Sunday, November 08, 2009

Brazil is going backwards to Copenhagen

There is nothing more urgent in the world than a meaningful settlement at the talks on climate change in Copenhagen in December.

The perspective here in Brazil is that it would seem to be on the right side of the battle to save the planet's climate. In fact, the truth is a bit more murky.

38% of Brazil's energy is from renewable sources; of the rest, 60% is fossil fuel at 1% nuclear. According to the International Energy Agency this puts the country on one of the lowest per capita carbon dioxide emissions (111th in the world) and certainly one of the lowest in terms of unit of gross domestic product. However it is the world's 17th biggest greenhouse gas emitter (UN figures) because of the fires used to clear land for pasture in the Amazon rainforest.

Brazil has pioneered the world in the production of ethanol from sugarcane and mandated that biofuels are blended with petroleum to fuel cars with 20-25% of ethanol and most cars bought in Brazil can run on either ethanol or this blend. Renewables account for 45%. It produces a large amount of hydroelectric power, which itself has been blamed for displacing indigenous people, but the number of droughts is increasing. As a result Brazil is actually going backwards.

To compensate it is using more and more gas, oil and coal and is planning to build five more nuclear power stations. This is in a country which is blessed with a huge amount of solar power. According to the United Nations Environment Programme's data set most other industrialised and populated areas of the country receive an average of 4-5.5 kWh/m2/day, with some receiving much more, making it an ideal place for solar water heating and photovoltaic power. As most of the rain and the hydroelectric power is in the north west of the country far away from these areas there will be much fewer transmission and distribution costs associated with the use of solar power.

Brazil also has a huge potential capacity - 100Mt/yr - to use biochar to fertilise the soil and lock carbon from the growth of sugarcane back into the soil as a fertiliser. This after all is where biochar was first discovered -- in the Amazon. (source: Perera, K.K.C.K. et. al., 29 Biomass & Bioenergy 199, 204 (2005).)

But is Brazilian President Luiz Inacio Lula da Silva doing this? No, instead he is increasing state control over huge newly-discovered offshore oil reserves. Brazil is sitting on reserves bigger than any discovered in the Americas since 1976. He is following his friend Chavez in Venezuela by netting the government company Petroleo Brasileiro take control of these so-called 'Pre-Salt" reserves. This may help Brazil more than double oil production and turn the state-controlled company into one of the world’s biggest producers, according to Adriano Pires, head of the Brazilian Center for Infrastructure.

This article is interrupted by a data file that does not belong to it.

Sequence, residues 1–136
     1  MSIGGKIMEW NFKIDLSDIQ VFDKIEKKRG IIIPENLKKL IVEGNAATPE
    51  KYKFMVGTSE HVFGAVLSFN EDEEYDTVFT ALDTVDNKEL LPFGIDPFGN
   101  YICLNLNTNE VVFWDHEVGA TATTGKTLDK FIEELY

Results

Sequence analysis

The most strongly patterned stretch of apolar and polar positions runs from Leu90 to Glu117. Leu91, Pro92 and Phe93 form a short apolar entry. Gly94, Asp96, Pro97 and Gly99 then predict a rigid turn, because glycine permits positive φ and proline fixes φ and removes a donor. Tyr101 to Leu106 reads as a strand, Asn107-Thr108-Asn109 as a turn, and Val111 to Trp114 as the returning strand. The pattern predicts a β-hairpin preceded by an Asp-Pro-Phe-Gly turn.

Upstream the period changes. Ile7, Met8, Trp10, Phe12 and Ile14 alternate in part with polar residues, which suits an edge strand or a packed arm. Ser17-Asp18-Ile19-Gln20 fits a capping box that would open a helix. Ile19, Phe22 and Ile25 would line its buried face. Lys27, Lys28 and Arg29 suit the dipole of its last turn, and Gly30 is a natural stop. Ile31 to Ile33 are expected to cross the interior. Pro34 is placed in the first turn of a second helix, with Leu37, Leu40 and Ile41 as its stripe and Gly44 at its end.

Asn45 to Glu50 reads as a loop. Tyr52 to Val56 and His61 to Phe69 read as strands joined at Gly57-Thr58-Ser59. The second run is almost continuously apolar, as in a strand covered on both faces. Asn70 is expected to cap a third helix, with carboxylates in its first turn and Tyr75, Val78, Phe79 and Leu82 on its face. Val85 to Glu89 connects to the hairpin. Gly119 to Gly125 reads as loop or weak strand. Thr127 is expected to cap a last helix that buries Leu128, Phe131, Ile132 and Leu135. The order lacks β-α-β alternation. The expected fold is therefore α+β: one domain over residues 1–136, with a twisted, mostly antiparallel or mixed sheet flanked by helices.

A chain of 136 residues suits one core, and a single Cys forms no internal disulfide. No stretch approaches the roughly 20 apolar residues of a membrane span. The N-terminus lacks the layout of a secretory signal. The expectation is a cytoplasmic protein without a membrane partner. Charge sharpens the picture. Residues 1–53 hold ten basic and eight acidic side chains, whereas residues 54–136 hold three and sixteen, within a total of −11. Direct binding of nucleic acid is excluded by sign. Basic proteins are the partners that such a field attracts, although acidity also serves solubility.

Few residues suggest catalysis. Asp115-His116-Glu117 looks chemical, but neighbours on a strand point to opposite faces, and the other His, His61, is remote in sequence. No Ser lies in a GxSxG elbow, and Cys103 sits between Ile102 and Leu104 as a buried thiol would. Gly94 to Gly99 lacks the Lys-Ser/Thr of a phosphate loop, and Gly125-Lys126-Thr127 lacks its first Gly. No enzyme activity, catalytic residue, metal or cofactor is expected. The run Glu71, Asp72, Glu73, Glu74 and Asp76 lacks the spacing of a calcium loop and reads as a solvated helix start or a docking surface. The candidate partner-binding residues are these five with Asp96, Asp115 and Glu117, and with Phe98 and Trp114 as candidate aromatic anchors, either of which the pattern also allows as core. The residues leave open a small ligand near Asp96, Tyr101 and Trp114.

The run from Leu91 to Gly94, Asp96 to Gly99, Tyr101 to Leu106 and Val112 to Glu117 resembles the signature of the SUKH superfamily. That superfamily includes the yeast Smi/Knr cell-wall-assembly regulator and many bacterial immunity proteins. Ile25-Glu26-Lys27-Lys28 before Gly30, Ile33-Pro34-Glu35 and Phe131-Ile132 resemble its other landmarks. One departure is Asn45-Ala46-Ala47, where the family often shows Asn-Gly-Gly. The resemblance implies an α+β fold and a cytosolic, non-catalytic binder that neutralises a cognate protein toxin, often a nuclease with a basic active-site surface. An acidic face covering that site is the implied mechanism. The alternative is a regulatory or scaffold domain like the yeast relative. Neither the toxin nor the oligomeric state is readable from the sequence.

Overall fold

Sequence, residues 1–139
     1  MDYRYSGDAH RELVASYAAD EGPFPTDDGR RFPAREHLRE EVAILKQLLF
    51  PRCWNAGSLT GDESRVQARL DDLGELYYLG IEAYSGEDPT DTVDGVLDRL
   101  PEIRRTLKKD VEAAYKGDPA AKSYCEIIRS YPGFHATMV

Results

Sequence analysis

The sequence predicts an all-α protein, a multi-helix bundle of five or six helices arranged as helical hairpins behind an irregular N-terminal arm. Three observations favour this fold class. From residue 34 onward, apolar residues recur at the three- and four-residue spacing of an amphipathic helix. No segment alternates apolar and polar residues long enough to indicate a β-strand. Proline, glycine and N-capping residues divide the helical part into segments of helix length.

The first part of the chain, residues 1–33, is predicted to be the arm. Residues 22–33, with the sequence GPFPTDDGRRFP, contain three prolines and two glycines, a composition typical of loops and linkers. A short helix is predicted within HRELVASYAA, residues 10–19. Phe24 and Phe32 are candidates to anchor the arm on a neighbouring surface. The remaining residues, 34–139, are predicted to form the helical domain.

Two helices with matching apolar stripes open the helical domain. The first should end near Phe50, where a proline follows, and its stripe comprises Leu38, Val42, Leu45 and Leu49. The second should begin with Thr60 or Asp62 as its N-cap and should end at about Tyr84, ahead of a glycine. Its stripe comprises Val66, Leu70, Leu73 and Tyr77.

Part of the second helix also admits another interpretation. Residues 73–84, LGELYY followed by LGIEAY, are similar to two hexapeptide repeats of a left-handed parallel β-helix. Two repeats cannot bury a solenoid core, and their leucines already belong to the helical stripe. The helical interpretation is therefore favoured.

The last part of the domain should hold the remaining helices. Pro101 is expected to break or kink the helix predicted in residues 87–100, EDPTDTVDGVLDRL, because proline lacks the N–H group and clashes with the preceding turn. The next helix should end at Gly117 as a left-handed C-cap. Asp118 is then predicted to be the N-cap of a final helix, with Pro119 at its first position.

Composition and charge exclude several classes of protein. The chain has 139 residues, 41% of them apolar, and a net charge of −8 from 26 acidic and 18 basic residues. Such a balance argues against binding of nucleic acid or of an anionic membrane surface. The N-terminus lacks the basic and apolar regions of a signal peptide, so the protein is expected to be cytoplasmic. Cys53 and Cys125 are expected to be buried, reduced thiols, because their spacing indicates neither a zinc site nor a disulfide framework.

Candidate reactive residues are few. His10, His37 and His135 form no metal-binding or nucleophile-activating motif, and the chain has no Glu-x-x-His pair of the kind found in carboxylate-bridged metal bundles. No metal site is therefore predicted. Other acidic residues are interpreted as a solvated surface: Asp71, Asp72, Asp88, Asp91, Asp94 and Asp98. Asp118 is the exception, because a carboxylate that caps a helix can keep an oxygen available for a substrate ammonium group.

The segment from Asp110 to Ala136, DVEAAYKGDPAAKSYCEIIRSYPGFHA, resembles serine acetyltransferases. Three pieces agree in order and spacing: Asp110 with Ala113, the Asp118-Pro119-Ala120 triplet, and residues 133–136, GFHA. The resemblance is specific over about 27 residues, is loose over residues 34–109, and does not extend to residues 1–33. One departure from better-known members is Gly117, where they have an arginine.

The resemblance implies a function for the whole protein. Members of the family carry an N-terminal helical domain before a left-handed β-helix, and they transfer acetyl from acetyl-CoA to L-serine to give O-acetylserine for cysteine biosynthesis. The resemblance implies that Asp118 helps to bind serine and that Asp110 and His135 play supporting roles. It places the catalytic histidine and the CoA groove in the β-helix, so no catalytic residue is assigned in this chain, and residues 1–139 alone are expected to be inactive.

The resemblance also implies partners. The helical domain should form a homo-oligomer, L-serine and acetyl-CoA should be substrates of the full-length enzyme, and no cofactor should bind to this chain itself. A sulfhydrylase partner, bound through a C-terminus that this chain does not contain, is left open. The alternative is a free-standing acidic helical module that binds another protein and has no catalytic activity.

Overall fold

The pre-salt Tupi field alone holds an estimated 5 billion to 8 billion barrels of oil equivalent but it is over 200 miles off the coast and beneath over 7,000 meters of water, rock and a thick layer of salt. Companies are rubbing their hands in glee at the prospect of getting at this oil, but it will itself cost a huge amount of energy and environmental damage to retrieve it.

Brazil wants to develop and the revenue would be the engine of funding its infrastructure - and of course the corruption in the government that everybody here talks about.

In fact while I am here Lula has been in London trying to seek investment in his country, which he says will be the fifth largest economy in the world by 2019. The huge emerging middle class is greatly expanding its energy consumption as everyone wants the same standard of living as the developed world.

Ironically, accompanying Lula on his London trip is Jaime Lerner, the former mayor of what is supposed to be the greenest city in the world or at least of the developing world, Curitiba. I hope to go there in just over a week myself to see if the miracle that is proclaimed to have happened there is true. Lerner has been showing Boris Johnson, London's mayor, what the possibilities are.

It would be better if Lula were to leave the oil in the ground beneath the sea and to roll out throughout the whole of Brazil the types of reforms that have happened in Curitiba.

He should also halt deforestation of the Amazon rainforest. 20% of it has already gone. In 2000-2005 deforestation in the Amazon, which is shared by eight countries, denuded an area nearly the size of Venezuela. Less well-known is deforestation in the Cerado biomass, which Environment Minister Carlos Minc says generates the same amount of greenhouse gases as Amazonian deforestation.

Lula has promised to reduce deforestation by 80% by 2020. But the government is under pressure to release more land to the farmers, and was widely criticised in June when Lula legalised in the stealing of 60,000,000 ha of Amazon rainforest by farmers that had been taken illegally.

However some states are going it alone, just as they are in North America. Here in São Paulo a month ago it became the first Brazilian state to approve a statewide climate change policy that calls for a 20% reduction in emissions from 2005 levels by 2020. The head of the São Paulo Forum on climate change and biodiversity, Fabio Feldmann, has criticised Lula for his exploration programme of the pre-Salt oil reservoirs.

Brazil is going to Copenhagen with a flawed plan and an unclean conscience. Mind you, so is everybody else.

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